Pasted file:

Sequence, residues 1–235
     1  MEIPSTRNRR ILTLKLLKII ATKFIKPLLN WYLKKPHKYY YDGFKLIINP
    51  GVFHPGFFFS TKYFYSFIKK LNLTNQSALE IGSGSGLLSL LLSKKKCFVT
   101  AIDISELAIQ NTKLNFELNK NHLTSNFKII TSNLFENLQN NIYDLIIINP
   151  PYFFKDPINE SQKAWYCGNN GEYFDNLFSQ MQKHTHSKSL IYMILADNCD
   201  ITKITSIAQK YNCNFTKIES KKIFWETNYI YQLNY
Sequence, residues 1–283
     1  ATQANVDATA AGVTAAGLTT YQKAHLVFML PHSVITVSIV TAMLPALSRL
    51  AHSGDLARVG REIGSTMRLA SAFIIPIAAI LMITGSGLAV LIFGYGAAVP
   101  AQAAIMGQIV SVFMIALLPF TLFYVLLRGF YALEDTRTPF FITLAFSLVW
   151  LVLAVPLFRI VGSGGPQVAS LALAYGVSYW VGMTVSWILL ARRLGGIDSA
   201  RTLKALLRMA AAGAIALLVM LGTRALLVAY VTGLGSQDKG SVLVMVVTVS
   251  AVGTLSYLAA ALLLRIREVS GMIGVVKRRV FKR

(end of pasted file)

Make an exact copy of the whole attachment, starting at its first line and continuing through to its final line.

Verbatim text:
Sequence, residues 1–235
     1  MEIPSTRNRR ILTLKLLKII ATKFIKPLLN WYLKKPHKYY YDGFKLIINP
    51  GVFHPGFFFS TKYFYSFIKK LNLTNQSALE IGSGSGLLSL LLSKKKCFVT
   101  AIDISELAIQ NTKLNFELNK NHLTSNFKII TSNLFENLQN NIYDLIIINP
   151  PYFFKDPINE SQKAWYCGNN GEYFDNLFSQ MQKHTHSKSL IYMILADNCD
   201  ITKITSIAQK YNCNFTKIES KKIFWETNYI YQLNY
Sequence, residues 1–283
     1  ATQANVDATA AGVTAAGLTT YQKAHLVFML PHSVITVSIV TAMLPALSRL
    51  AHSGDLARVG REIGSTMRLA SAFIIPIAAI LMITGSGLAV LIFGYGAAVP
   101  AQAAIMGQIV SVFMIALLPF TLFYVLLRGF YALEDTRTPF FITLAFSLVW
   151  LVLAVPLFRI VGSGGPQVAS LALAYGVSYW VGMTVSWILL ARRLGGIDSA
   201  RTLKALLRMA AAGAIALLVM LGTRALLVAY VTGLGSQDKG SVLVMVVTVS
   251  AVGTLSYLAA ALLLRIREVS GMIGVVKRRV FKR